A great white shark swimming

Great white shark

Great white sharks are at the very top of the marine food chain. Feared as man-eaters, they are only responsible for about 5-10 attacks a year, which are rarely fatal. Great whites are ultimate predators. Powerful streamlined bodies and a mouth full of terrifyingly sharp, serrated teeth, combine with super senses that can detect a single drop of blood from over a mile away. Hiding from a great white isn't an option as they can detect and home in on small electrical discharges from hearts and gills. Unlike most other sharks, live young are born that immediately swim away.

Did you know?
The great white shark can smell a seal colony from two miles away.

Scientific name: Carcharodon carcharias

Rank: Species

Common names:

  • White death,
  • White pointer,
  • White shark

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The Great white shark can be found in a number of locations including: Africa, Australia, Europe, Mediterranean, North America, South America. Find out more about these places and what else lives there.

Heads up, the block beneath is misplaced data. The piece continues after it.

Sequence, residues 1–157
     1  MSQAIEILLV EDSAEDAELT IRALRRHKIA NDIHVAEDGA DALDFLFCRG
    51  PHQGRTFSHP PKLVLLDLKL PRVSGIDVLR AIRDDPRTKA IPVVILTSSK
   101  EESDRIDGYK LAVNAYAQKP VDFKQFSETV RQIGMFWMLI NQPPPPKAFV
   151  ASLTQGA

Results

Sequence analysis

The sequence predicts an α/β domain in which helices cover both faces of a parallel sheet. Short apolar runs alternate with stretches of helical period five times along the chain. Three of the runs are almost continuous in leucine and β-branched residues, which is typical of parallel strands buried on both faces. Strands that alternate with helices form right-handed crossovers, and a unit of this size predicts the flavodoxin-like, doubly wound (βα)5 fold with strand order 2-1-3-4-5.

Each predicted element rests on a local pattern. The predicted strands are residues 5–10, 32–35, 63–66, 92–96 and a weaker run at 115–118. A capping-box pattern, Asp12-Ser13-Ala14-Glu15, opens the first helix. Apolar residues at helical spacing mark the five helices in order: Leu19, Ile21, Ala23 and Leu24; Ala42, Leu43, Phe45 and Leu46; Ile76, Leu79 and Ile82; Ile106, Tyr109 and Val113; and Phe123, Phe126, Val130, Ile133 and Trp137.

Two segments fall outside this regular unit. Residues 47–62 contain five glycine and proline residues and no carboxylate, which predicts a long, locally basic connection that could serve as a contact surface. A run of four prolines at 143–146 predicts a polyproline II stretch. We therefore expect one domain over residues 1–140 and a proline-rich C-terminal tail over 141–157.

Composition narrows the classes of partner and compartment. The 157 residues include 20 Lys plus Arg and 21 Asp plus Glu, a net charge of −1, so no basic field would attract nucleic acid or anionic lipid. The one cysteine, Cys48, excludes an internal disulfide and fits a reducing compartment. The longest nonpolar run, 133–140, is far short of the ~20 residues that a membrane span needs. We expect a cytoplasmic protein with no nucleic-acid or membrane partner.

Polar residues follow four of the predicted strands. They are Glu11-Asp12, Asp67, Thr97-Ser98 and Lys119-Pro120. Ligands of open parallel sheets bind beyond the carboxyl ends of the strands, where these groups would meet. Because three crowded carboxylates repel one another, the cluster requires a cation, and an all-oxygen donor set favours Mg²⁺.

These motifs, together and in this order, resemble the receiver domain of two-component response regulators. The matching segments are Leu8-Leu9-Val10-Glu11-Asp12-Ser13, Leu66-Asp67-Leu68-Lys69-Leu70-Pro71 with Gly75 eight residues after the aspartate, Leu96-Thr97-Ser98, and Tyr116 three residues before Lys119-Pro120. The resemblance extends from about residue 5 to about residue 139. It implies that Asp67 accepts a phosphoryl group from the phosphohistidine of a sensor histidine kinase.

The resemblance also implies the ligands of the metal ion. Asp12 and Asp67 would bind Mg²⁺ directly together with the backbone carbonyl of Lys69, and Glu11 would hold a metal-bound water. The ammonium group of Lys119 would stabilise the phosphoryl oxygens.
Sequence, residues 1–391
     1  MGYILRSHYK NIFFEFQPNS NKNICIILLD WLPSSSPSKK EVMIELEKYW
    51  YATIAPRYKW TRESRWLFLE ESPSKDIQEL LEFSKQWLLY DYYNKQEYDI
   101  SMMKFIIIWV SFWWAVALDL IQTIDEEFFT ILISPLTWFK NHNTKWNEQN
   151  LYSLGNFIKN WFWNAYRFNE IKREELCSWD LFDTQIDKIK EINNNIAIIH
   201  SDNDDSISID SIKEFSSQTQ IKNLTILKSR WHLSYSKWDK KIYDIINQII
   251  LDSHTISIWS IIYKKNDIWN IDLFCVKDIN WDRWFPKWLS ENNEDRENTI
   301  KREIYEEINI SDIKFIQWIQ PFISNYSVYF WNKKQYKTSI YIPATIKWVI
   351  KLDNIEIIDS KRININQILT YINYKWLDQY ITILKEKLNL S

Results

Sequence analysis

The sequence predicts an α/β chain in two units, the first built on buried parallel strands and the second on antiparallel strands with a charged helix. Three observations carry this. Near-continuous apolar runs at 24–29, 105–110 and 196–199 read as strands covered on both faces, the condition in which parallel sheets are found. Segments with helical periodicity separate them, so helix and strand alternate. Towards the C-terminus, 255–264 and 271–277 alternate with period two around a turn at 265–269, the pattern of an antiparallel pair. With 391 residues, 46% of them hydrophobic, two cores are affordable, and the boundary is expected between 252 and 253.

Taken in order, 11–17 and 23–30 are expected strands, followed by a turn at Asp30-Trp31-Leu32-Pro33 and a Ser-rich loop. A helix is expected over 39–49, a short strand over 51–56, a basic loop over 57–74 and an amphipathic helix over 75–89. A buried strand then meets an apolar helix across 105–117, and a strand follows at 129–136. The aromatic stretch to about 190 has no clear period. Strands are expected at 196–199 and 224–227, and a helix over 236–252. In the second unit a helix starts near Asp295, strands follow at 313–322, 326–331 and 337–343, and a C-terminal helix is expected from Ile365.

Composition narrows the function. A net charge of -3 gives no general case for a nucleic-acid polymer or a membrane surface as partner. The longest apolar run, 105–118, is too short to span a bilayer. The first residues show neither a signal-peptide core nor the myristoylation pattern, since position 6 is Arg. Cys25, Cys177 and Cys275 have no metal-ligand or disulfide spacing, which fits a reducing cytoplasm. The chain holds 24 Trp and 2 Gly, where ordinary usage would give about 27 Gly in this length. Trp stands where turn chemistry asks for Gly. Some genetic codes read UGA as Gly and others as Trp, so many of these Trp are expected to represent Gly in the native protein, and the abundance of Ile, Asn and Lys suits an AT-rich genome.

Great white shark size

An illustration showing the great white shark's size relative to humans.

A comparison of the great white shark's size in relation to humans.


The following habitats are found across the Great white shark distribution range. Find out more about these environments, what it takes to live there and what else inhabits them.

Additional data source: Animal Diversity Web

Conservation Status


  1. EX - Extinct
  2. EW
  3. CR - Threatened
  4. EN - Threatened
  5. VU - Threatened
  6. NT
  7. LC - Least concern

Population trend: Unknown

Year assessed: 2005

Classified by: IUCN 3.1


  1. Life
  2. Animals
  3. Vertebrates
  4. Cartilaginous fish
  5. Sharks
  6. Mackerel sharks
  7. Lamnidae
  8. Carcharodon
  9. Great white shark

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